Not a perfect downtown. Not a downtown devoid of problems or annoyances, but a downtown enjoyed by thousands; a downtown that has been a source of great civic pride.

But we didn’t celebrate when we won the Nolen Award. We should have, but we didn’t.

We should have taken the time to invite our residents, new and long time, to mark the occasion. We should have shown before and after pictures and explained the rationale behind the innovative strategies, policies, risks and investments that were made to transform Delray.

It was a teachable moment and a chance to thank people for their involvement in making it happen. But we passed. And that’s a shame because those civic pride moments are important if we are serious about building community.

The central business district in our village by the sea survived the worst recession since the Great Depression better than just about any other city you can name.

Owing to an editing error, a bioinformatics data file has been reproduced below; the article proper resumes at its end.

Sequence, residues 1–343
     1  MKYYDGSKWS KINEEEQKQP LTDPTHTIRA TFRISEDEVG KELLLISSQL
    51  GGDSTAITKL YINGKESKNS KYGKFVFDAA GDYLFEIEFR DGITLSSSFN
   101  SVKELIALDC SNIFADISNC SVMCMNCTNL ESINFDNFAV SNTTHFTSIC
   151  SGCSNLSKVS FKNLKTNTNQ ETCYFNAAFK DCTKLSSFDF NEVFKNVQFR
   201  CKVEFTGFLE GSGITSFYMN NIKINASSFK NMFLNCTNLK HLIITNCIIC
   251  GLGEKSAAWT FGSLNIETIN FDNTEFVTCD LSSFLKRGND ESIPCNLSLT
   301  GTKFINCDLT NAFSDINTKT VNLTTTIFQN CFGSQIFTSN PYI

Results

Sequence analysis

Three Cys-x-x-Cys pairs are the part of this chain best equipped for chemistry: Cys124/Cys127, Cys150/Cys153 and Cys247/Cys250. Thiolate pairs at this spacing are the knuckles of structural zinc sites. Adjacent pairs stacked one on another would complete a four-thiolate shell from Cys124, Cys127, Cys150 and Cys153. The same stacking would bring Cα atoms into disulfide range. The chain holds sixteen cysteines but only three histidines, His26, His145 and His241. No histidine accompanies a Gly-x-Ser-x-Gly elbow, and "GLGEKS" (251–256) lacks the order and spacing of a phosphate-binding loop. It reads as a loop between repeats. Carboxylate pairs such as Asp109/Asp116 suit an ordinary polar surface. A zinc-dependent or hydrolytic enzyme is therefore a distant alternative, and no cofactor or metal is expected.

Sure, there was pain. But you could have stood on Atlantic Avenue at the height of the financial crisis and not known that there was a global meltdown occurring.

We didn’t have major vacancies. The streets were alive, the restaurants were full and property values didn’t plummet like they did in other cities. Downtown proved to be an enduring economic engine, providing needed jobs and tax revenues.

In fact, downtown sales increased 35 percent from $175 million in 2008 to $237 million in 2013, according to the Florida Department of Revenue.

“That is about three times more than the growth Palm Beach County saw, “reported the Sun-Sentinel.

Did this happen by accident? Did it happen because we planned poorly? Was it all, dumb luck?

Did nobody other than greedy developers benefit?




And no.

It wasn’t an accident. It was planned and at every step along the way there was an opportunity for public input and debate.

The revitalization of Atlantic Avenue dates to 1984 when Mayor Doak Campbell convened the Atlantic Avenue Task Force because the State DOT, in its infinite wisdom, wanted to widen East Atlantic Avenue to speed hurricane evacuation.